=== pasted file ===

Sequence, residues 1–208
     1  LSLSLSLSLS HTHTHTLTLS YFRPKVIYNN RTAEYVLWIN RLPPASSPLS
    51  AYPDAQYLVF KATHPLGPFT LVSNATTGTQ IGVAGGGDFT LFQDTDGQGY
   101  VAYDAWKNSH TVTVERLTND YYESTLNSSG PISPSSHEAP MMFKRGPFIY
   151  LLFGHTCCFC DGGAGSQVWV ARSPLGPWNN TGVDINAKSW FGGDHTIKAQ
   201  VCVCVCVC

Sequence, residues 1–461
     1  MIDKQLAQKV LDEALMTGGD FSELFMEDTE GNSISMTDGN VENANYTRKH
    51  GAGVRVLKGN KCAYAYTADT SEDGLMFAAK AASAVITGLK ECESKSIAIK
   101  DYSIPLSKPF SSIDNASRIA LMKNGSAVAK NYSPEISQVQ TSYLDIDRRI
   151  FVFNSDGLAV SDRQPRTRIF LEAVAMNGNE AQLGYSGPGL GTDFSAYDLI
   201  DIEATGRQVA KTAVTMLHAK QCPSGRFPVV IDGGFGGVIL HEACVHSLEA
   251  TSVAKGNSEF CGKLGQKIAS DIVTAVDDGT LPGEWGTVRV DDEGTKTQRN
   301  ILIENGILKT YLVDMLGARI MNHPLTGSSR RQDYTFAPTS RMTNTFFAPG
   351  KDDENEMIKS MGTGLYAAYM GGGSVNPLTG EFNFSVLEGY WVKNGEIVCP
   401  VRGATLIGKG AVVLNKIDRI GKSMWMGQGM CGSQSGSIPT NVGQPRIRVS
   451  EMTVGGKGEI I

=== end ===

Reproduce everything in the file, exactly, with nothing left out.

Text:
Sequence, residues 1–208
     1  LSLSLSLSLS HTHTHTLTLS YFRPKVIYNN RTAEYVLWIN RLPPASSPLS
    51  AYPDAQYLVF KATHPLGPFT LVSNATTGTQ IGVAGGGDFT LFQDTDGQGY
   101  VAYDAWKNSH TVTVERLTND YYESTLNSSG PISPSSHEAP MMFKRGPFIY
   151  LLFGHTCCFC DGGAGSQVWV ARSPLGPWNN TGVDINAKSW FGGDHTIKAQ
   201  VCVCVCVC

Sequence, residues 1–461
     1  MIDKQLAQKV LDEALMTGGD FSELFMEDTE GNSISMTDGN VENANYTRKH
    51  GAGVRVLKGN KCAYAYTADT SEDGLMFAAK AASAVITGLK ECESKSIAIK
   101  DYSIPLSKPF SSIDNASRIA LMKNGSAVAK NYSPEISQVQ TSYLDIDRRI
   151  FVFNSDGLAV SDRQPRTRIF LEAVAMNGNE AQLGYSGPGL GTDFSAYDLI
   201  DIEATGRQVA KTAVTMLHAK QCPSGRFPVV IDGGFGGVIL HEACVHSLEA
   251  TSVAKGNSEF CGKLGQKIAS DIVTAVDDGT LPGEWGTVRV DDEGTKTQRN
   301  ILIENGILKT YLVDMLGARI MNHPLTGSSR RQDYTFAPTS RMTNTFFAPG
   351  KDDENEMIKS MGTGLYAAYM GGGSVNPLTG EFNFSVLEGY WVKNGEIVCP
   401  VRGATLIGKG AVVLNKIDRI GKSMWMGQGM CGSQSGSIPT NVGQPRIRVS
   451  EMTVGGKGEI I